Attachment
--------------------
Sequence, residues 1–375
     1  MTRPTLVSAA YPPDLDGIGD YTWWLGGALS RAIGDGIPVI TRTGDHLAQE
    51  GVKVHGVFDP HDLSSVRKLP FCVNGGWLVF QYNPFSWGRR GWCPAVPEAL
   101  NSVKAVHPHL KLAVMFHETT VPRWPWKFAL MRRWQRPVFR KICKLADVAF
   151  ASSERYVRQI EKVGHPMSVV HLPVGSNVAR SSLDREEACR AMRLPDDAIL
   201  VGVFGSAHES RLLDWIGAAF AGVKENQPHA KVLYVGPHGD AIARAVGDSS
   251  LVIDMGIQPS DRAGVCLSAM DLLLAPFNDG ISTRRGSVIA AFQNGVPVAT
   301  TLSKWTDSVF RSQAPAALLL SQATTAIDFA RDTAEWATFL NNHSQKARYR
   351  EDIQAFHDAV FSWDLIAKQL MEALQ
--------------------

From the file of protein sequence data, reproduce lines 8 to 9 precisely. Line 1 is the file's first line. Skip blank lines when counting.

   301  TLSKWTDSVF RSQAPAALLL SQATTAIDFA RDTAEWATFL NNHSQKARYR
   351  EDIQAFHDAV FSWDLIAKQL MEALQ